Wednesday, July 25, 2007

Farm Subsidies = Corporate Welfare

From the LA Times via Andrew Sullivan...

[I]f subsidies were really designed to alleviate farmer poverty, then lawmakers could guarantee every full-time farmer an income of 185% of the federal poverty level ($38,203 for a family of four) for under $5 billion annually - one-fifth the current cost of farm subsidies.

Instead, federal farm policies specifically bypass family farmers. Subsidies are paid per acre, so the largest (and most profitable) agribusinesses automatically receive the biggest checks. Consequently, commercial farmers -- who report an average annual income of $200,000 and a net worth of nearly $2 million -- collect the majority of farm subsidies. Fortune 500 companies, celebrity "hobby farmers" and even some members of Congress collect millions of dollars under this program.


bgunzy said...

It all goes back to the following phrase: Cheap Food Policy. If you don't like the fact we are spending so much on ag subsidies, then will you be willing to pay more at the grocery store? Or are you willing to have less safe food? Or more imported from other countries?

The only ones who like subsidies are the ag processors; they can buy low when the market provides it to them, and the government keeps their suppliers (i.e. farmers) from going bankrupt. Listen to the recent howls from processors who are now have to pay nearly a fair price for their inputs because of demand from ethanol!

We farmers would rather make a liveable income off the market than from the government. But as long as America demands "cheap" food, subsidies will be around.

noneed4thneed said...

Cheap food policy has little to do with billions of taxpayer money going to wealthy large corporations while family farms struggle.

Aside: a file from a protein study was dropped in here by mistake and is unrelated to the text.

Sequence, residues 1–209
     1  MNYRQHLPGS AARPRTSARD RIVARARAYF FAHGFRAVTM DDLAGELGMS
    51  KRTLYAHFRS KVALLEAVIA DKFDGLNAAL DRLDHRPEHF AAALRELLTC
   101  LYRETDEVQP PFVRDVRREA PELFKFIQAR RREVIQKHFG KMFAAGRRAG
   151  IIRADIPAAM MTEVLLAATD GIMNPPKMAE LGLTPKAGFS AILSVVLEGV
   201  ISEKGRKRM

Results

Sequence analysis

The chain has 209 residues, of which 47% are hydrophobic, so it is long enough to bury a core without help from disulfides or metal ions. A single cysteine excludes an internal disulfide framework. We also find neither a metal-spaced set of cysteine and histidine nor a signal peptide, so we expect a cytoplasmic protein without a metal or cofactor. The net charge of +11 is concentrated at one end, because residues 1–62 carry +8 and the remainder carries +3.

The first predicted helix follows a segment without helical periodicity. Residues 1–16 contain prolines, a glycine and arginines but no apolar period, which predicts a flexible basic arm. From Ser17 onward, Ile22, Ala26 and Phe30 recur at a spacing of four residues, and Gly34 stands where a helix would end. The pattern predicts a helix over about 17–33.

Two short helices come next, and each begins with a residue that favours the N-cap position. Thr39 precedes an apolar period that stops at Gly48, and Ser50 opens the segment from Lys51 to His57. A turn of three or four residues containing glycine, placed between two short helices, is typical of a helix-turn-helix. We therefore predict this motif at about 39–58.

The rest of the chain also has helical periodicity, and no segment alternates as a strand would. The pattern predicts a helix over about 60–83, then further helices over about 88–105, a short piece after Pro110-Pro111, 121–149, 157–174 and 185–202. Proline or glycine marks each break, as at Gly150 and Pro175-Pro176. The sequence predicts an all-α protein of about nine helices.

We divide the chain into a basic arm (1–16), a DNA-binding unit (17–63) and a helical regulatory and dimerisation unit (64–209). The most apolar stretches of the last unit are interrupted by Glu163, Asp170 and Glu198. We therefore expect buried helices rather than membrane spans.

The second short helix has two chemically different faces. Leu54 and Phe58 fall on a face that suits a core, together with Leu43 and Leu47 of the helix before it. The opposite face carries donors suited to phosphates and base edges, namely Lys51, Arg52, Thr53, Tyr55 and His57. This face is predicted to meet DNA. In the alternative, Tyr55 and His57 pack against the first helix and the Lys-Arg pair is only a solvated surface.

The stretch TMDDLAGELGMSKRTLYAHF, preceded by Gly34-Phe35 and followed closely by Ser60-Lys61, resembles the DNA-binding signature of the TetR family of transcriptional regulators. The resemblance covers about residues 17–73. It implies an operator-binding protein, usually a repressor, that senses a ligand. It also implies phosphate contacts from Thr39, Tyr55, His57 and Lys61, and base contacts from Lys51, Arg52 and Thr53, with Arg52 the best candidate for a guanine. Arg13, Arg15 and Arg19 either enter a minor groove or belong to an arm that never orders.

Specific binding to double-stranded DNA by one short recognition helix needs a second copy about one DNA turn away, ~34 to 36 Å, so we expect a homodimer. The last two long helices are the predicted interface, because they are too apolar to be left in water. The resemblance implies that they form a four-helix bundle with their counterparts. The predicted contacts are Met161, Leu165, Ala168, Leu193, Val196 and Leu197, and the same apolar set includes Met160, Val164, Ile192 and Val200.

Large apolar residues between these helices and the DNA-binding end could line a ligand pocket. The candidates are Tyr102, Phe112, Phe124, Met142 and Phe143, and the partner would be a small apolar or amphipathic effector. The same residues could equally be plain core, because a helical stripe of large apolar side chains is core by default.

bgunzy said...

Cheap Food Policy has EVERYTHING to do with giving subsidies to large corporations, NoNeed.

Let me explain: Two years ago, corn was being priced in the country for around $1.70/bushel. Even with 180 bu/ac corn, this is still below cost of production. So, Uncle Sam gives us farmers what is called an LDP, or Loan Deficiency Payment. On the day we elect to take it, we get the difference between the County Target Price and the Posted County Price (PCP). That has ranged from $0.00 to $0.50/bu recently. Let's say I elected to take the price when it was $0.50/bu. That means the gov't is paying me the difference so I can stay in business. Meanwhile, even if no farmer sells corn at $1.70/bu, agribusiness can contract corn for about that amount (probably $1.85/bu or so) and have cheap corn to feed their hogs, cattle, or make corn flakes out of.

The producer is satisfied for now 'cause he gets to stay in business, as Uncle Sam has made up the difference. The agri processors are happy because they have cheap corn. The taxpayers are ticked off because they foot the difference, thinking the farmers are getting rich. In actuality, they are getting cheap food because the processors are not paying the full price for the crop to sustain production (i.e. cover costs of production).

Furthermore, a "BIG" wealthy corporation gets no more subsidy PER ACRE than a small farm does. My neighbor across the road farms three times as much as I do, but he has about the same subsidy payments per acre as I do. Our direct payments are pretty similar, depending on the historical production of the farmland. He might hit the LDP better than me, or I might have more yield and get more than he does, but we all have about an equal opportunity/shot at it. A big operation gets more payments, but that's because they are risking more, too.

Anytime you want the truth on agriculture, rather than Democratic talking points, let me know.